“All I want is a photo in my wallet
A small remembrance of something more solid
All I want is a picture of you”
Blondie, Picture This, 1978
With the Portrait Miniature exhibition ‘Personal Relations’ beginning soon, the following words and images attempt to outline a compact history of the portrait miniature, it’s contexts and forms, both historic and contemporary.
Portrait miniatures, originating in the courts of English and French monarchy in the early sixteenth century, were an expensive and coveted symbol. They were given as gifts to be worn by the receiver in a locket or brooch; a public show of loyalty, literally wearing one’s heart on one’s sleeve. Miniatures were typically painted on vellum (parchment made from calf skin), and later ivory, lending a bright incandescent quality to the medium.
One aspect of this practice I find particularly brilliant are the eye miniatures produced in the eighteenth century, these allowed the receiver to wear their secret love upon their person while keeping his or her identity secret. The notion here was that only the person receiving the gift of the painted eye miniature would be able to recognise it as their lover’s. This short-lived trend is said to have been ignited by the Prince Reagent of England for whom his love was forbidden, there are however reports of this phenomenon before this.
With the advent of photography, the painted miniature fell from favour, and portraits became more readily available and less expensive. However it was the Victorian penchant for mourning that took the portrait miniature to a new level, with locks of hair of deceased loved ones being incorporated into lockets and other jewellery. The hair would typically accompany a photographic portrait and would be artfully arranged into decorative swirls or even pastoral scenes. This gnarly art seems to be making a modest comeback with a renewed interest in the craft of hair work. (find out more here: http://www.victoriangothic.org/the-lost-art-of-sentimental-hairwork )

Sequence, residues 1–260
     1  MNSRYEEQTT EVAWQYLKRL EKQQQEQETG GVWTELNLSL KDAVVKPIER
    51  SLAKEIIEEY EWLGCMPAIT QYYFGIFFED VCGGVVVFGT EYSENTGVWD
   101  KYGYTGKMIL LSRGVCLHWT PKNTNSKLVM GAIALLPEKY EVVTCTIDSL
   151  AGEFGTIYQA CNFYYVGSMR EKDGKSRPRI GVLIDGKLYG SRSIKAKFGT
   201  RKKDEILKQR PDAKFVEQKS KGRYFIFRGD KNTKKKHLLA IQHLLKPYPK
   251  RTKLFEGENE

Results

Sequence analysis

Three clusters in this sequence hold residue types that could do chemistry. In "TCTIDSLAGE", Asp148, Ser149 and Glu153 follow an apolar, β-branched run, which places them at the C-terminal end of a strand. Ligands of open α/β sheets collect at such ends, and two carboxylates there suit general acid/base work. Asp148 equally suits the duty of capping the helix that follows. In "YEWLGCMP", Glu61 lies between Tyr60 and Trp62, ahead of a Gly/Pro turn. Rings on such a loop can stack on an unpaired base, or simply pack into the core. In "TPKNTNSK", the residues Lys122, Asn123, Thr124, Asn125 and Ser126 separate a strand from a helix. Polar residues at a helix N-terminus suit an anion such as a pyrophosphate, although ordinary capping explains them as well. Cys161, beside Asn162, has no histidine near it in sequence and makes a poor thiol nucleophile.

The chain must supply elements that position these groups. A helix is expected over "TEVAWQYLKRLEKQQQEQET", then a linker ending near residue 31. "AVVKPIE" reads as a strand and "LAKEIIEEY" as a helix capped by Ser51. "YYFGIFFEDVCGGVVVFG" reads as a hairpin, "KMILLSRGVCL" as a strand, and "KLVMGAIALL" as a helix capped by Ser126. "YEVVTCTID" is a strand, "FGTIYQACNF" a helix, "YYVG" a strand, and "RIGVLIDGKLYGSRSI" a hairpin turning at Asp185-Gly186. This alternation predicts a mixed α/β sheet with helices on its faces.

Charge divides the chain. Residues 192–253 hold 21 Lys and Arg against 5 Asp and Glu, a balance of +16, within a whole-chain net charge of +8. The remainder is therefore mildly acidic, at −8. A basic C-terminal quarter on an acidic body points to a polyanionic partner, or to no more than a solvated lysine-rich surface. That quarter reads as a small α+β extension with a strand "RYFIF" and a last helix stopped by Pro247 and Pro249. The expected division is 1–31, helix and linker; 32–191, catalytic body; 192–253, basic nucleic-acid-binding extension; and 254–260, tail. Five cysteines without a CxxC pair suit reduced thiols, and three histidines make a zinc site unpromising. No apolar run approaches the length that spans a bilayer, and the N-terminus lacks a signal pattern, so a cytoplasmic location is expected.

For most people however, photographs sufficed as mementoes of loved ones or the dead, as we see lockets and other jewellery containing photographs remaining popular throughout the twentieth century. One can imagine the wives and girlfriends of soldiers and sailors during the Second World War finding comfort in the image of their man on their chest. Still we find it common practice to carry a passport-sized photo of a lover in one’s wallet, with photo booths now proving to be a nostalgic must have addition to parties and weddings. I’d like to offer though that this might be equated with a new media; the digital photographic thumbnail.
New media allows us to carry a plethora of images with us, with loved ones being available not only in the images we store on devices – or that serve as wallpapers on our smart phones – indeed their presence can literally be felt, only a video call away at the touch of a button. Dating apps such as tinder allow the user to scroll through masses of thumbnails, each representing prospective lovers.
One could say that our personal relations have historically been, and continue to be, mediated through portraits. These portraits are miniature by necessity – whether a lock of a loved one’s hair worn on the breast, a photograph in a wallet, or a digitally rendered image on the lock-screen of an iPhone – the relation between the two people demands that they are portable.
In my next post I’ll be exploring the ways in which portraiture is being used by young London based artists in 2016; and how the human figure more generally might be presented in new ways.
All images screen grabs via Google images.